A History of Arboriculture - Seoul

A History of Arboriculture – Seoul

Seoul: A Tree Lover’s Journey Through Time

A Lush Legacy: Seoul’s Arboricultural Origins

In the heart of South Korea lies Seoul, a vibrant city pulsating with life, where the ancient and the modern coexist in harmony. Amidst the bustling streets and soaring skyscrapers, a lush tapestry of trees weaves together the city’s rich arboricultural heritage. From sacred groves in ancient kingdoms to the flourishing urban forests of today, trees have long played a vital role in defining Seoul’s character and atmosphere.

Embracing Green Spaces: Accessible Beauty for All

Once reserved for the ruling class, the beauty and tranquility of trees now grace public parks and green spaces throughout Seoul, fostering a deep love for arboriculture among its people. As you meander along the streets, you’ll find Seoul’s diverse array of native and exotic tree species painting a vivid canvas of colors and textures that change with the seasons, from the delicate cherry blossoms of spring to the fiery red maples of autumn.

Dedicated Stewards: Arborists and City Planners Shaping Seoul

This captivating cityscape is no mere coincidence. Seoul’s thriving urban forests are the result of dedicated arborists and city planners, such as the renowned Korean arborist Kim Jong-kyu and former mayor Lee Myung-bak, who have worked tirelessly to protect and nurture its trees. The early 2000s saw the launch of the “Green Seoul 21” project, emphasizing the importance of urban forests in the city’s development and laying the groundwork for future environmental initiatives.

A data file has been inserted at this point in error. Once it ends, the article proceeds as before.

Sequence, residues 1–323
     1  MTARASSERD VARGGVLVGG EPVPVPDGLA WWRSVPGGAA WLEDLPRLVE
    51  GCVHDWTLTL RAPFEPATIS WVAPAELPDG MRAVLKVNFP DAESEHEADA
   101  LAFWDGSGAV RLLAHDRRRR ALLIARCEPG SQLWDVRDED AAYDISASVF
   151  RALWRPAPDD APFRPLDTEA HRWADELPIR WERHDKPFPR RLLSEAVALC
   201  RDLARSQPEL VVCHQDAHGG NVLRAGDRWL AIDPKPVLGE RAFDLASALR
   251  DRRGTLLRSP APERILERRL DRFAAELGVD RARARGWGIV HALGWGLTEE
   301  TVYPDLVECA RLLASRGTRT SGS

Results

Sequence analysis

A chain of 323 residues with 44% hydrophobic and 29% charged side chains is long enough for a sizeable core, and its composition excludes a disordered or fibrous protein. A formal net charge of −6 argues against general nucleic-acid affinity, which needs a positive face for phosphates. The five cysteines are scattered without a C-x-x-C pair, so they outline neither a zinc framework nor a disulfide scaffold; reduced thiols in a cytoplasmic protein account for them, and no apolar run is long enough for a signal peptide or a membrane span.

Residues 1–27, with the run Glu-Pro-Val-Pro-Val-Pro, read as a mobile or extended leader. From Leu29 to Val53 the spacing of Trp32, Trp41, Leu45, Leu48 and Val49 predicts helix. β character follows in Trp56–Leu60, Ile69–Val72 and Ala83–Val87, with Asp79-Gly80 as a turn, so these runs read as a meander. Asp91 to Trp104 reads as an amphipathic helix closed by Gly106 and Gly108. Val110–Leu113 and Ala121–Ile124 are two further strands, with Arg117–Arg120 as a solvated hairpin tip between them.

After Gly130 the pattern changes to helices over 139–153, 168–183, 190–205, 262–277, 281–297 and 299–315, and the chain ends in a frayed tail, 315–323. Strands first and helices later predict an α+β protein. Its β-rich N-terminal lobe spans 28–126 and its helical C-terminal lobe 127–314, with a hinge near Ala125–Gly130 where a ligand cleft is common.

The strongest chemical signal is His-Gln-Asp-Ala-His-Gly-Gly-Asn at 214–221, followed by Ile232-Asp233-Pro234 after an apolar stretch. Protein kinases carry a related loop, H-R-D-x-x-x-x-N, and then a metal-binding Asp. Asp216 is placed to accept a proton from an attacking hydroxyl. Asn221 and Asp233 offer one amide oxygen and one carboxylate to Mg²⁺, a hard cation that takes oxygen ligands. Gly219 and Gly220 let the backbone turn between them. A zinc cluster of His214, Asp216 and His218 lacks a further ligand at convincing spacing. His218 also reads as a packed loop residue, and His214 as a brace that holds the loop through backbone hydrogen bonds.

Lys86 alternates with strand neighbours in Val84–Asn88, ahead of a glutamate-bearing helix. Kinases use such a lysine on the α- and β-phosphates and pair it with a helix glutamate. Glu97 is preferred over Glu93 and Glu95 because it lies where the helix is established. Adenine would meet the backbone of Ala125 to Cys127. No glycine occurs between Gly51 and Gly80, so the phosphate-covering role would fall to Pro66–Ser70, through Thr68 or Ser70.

Innovative Approaches: Maximizing Green Spaces in a Dense City

Seoul’s commitment to trees is also evident in its innovative planting techniques. Vertical gardens, with plants adorning walls and structures, and green roofs, incorporating trees and plants atop buildings, are increasingly popular in the city. These methods maximize the benefits of green spaces in densely populated areas, improving air quality and providing insulation.

A City of Many Colors: Distinctive Tree Populations Across Seoul

As you traverse Seoul’s different regions, the distinct tree populations will reveal the city’s arboricultural story. The city center is characterized by ginkgo, zelkova, and maple trees, while the southern region boasts a mix of pine and oak. The northern and eastern regions showcase a blend of native and exotic species, adding to the city’s diverse tree population.

Roots in History: Ancient Kingdoms and Dynasties

The roots of Seoul’s arboriculture stretch back to the ancient kingdoms of the Korean Peninsula. Trees were considered sacred and were planted to bring good fortune and ward off evil spirits. Through the Goryeo and Joseon Dynasties, royal gardens flourished, and natural landscapes were preserved and enhanced, setting the stage for the city’s modern arboriculture.

Iconic Trees and Historical Events

Seoul’s arboricultural history is marked by several iconic trees and historical events. The ginkgo tree, the official tree of Seoul, is revered for its longevity and resilience. The annual cherry blossom festival at Yeouido Park attracts millions of visitors, while the zelkova tree is often used in traditional Korean gardens for its elegant shape and structure. The establishment of the Korea Forest Service in 1967 marked a significant step towards sustainable arboriculture in Seoul.